What an incredible day in Rawalpindi. For England to score 506 in just 75 overs was extraordinary. Was it the pitch, which looked flatter than the M1, or just the way that Test cricket is going now? England’s run rate was T20-esque all day, which brings us nicely onto today’s article by Sam Tomkinson. He reminisces about the day that a seemingly innocuous over by England’s new selector, Luke Wright, put England on course to win their first T20 World Cup. We’ll analyse the Test match when both teams have batted.
There are overs that stay in the mind of us cricket anoraks. It is not just the raw figures, it is how they change the flow of the game. Momentum is such a crucial part of sport and it is in these six, legal, deliveries that a game is won or lost. I do not remember nostalgically the Chaminda Vaas hat-trick in the 2003 World Cup; three wickets in the first three balls of a match is an astonishing feat. But, I remember the Shaun Tait thunderbolts at the top of the innings vs Pakistan in 2010. Watch this on your streaming website of choice; it might have been the fastest over of all time.
Yes, cricket is a statistical game, numbers are the most important facet, of course, but impressive cold hard stats do not hit our emotional feelings to the game. We live for moments of emotion; we live for game changing actions, that Flintoff over versus Langer and Ponting. We love those moments that crescendo into a realisation that “we can win this”. Mitchell Johnson strides to the crease, the Barmy Army are in full voice, Mark Taylor on commentary says, “England are going in for the kill here”, Chris Tremlett bowls a full in-swinger and Johnson is out first ball. That is when I knew England had won the Ashes down under.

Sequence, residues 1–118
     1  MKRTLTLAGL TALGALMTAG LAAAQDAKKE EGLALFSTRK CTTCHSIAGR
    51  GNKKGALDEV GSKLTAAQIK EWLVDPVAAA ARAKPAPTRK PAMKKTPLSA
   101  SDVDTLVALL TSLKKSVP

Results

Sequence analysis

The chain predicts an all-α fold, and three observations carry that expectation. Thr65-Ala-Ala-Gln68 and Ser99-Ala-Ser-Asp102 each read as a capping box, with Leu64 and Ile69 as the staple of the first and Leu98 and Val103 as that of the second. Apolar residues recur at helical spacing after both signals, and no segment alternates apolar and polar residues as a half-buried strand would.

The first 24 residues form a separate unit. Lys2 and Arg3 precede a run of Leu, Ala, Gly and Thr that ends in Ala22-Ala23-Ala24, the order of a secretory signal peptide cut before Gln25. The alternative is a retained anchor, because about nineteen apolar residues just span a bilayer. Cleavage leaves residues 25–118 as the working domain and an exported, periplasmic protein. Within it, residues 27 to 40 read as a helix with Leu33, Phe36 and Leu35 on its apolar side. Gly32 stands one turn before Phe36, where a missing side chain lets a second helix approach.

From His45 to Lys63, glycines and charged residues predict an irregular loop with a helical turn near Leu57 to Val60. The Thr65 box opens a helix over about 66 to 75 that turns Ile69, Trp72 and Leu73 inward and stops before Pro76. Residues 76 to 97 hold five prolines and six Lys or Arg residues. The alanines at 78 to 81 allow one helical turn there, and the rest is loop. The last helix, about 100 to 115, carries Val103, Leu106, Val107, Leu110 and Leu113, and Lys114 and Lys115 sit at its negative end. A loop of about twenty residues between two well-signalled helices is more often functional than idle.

This England “getting one over” Australia rhetoric, very infrequent granted, brings me to the point of this article: Luke Wright 1-0-5-1. Innocuous, so very innocuous are those figures in isolation that one would, and quite rightly, question my sanity.
What makes cricket the brilliant sport it is, is the storyline behind the action. This is the T20 World Cup final. This is England versus Australia. This is a star-studded Australia side, boasting the attack of the tournament: Johnson, Tait and Nannes with the leading wicket taker in Steve Smith their spin option. Yes you saw that, Steve Smith the leading wicket taker. So deep and powerful was this Australia side that Smith was batting down at number 8.
England, on the other hand, should have been eliminated in the group stage, had the Guyanan rainy season robbed Ireland of a historic victory. However, the three lions were building momentum, thanks to the revitalised Ryan Sidebottom with the new ball, canny change ups from Messrs Bresnan and Broad, with the spin twins Yardy and Swann proving mightily effective on the slow, turning wickets of the Caribbean. Plus Kevin Pietersen was having the tournament of a lifetime. Still, Australia were favourites.